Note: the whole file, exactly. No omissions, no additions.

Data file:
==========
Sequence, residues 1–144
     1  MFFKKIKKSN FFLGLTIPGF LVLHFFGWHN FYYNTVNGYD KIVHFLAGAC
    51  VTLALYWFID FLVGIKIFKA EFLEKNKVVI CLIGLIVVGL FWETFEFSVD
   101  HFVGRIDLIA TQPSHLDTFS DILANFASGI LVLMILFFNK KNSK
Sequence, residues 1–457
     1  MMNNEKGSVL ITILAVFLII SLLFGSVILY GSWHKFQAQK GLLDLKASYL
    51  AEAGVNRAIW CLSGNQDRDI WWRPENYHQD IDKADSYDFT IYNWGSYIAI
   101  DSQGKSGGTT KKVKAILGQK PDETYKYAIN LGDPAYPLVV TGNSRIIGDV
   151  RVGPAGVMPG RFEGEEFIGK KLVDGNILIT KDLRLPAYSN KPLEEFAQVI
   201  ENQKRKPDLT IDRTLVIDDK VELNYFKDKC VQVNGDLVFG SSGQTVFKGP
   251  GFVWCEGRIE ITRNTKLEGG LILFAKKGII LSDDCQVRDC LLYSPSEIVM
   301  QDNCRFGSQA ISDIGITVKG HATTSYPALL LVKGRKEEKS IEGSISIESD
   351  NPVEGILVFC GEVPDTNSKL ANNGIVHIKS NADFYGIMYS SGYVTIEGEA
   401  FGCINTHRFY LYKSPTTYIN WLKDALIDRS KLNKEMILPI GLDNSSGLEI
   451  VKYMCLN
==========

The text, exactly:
Sequence, residues 1–144
     1  MFFKKIKKSN FFLGLTIPGF LVLHFFGWHN FYYNTVNGYD KIVHFLAGAC
    51  VTLALYWFID FLVGIKIFKA EFLEKNKVVI CLIGLIVVGL FWETFEFSVD
   101  HFVGRIDLIA TQPSHLDTFS DILANFASGI LVLMILFFNK KNSK
Sequence, residues 1–457
     1  MMNNEKGSVL ITILAVFLII SLLFGSVILY GSWHKFQAQK GLLDLKASYL
    51  AEAGVNRAIW CLSGNQDRDI WWRPENYHQD IDKADSYDFT IYNWGSYIAI
   101  DSQGKSGGTT KKVKAILGQK PDETYKYAIN LGDPAYPLVV TGNSRIIGDV
   151  RVGPAGVMPG RFEGEEFIGK KLVDGNILIT KDLRLPAYSN KPLEEFAQVI
   201  ENQKRKPDLT IDRTLVIDDK VELNYFKDKC VQVNGDLVFG SSGQTVFKGP
   251  GFVWCEGRIE ITRNTKLEGG LILFAKKGII LSDDCQVRDC LLYSPSEIVM
   301  QDNCRFGSQA ISDIGITVKG HATTSYPALL LVKGRKEEKS IEGSISIESD
   351  NPVEGILVFC GEVPDTNSKL ANNGIVHIKS NADFYGIMYS SGYVTIEGEA
   401  FGCINTHRFY LYKSPTTYIN WLKDALIDRS KLNKEMILPI GLDNSSGLEI
   451  VKYMCLN